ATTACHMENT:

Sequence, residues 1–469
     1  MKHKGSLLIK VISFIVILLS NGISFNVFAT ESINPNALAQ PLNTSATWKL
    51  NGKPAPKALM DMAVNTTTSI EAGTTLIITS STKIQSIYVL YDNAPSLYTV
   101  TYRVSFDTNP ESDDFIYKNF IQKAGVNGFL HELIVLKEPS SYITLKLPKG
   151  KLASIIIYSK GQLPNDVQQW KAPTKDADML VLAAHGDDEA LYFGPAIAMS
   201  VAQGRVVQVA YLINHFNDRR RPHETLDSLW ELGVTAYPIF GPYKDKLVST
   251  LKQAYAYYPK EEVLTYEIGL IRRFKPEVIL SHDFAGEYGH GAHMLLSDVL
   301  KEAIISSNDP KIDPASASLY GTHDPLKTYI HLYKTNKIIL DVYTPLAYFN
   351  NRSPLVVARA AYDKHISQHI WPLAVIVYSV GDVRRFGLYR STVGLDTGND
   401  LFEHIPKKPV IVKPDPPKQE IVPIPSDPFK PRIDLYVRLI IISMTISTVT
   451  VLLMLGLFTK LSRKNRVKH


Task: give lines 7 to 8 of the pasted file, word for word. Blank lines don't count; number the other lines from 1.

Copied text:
   251  LKQAYAYYPK EEVLTYEIGL IRRFKPEVIL SHDFAGEYGH GAHMLLSDVL
   301  KEAIISSNDP KIDPASASLY GTHDPLKTYI HLYKTNKIIL DVYTPLAYFN